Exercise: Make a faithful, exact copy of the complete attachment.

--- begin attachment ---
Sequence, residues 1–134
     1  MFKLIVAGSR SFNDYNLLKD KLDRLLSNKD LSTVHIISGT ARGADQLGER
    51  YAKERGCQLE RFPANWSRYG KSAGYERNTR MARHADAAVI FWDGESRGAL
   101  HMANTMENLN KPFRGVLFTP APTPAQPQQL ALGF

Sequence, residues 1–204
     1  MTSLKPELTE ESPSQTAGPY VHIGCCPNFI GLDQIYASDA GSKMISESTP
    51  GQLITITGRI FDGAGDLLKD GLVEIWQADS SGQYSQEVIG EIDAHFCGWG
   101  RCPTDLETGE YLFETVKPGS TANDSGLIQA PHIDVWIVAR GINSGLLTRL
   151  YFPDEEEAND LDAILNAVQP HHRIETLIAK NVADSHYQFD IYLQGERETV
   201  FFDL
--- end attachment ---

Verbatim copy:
Sequence, residues 1–134
     1  MFKLIVAGSR SFNDYNLLKD KLDRLLSNKD LSTVHIISGT ARGADQLGER
    51  YAKERGCQLE RFPANWSRYG KSAGYERNTR MARHADAAVI FWDGESRGAL
   101  HMANTMENLN KPFRGVLFTP APTPAQPQQL ALGF

Sequence, residues 1–204
     1  MTSLKPELTE ESPSQTAGPY VHIGCCPNFI GLDQIYASDA GSKMISESTP
    51  GQLITITGRI FDGAGDLLKD GLVEIWQADS SGQYSQEVIG EIDAHFCGWG
   101  RCPTDLETGE YLFETVKPGS TANDSGLIQA PHIDVWIVAR GINSGLLTRL
   151  YFPDEEEAND LDAILNAVQP HHRIETLIAK NVADSHYQFD IYLQGERETV
   201  FFDL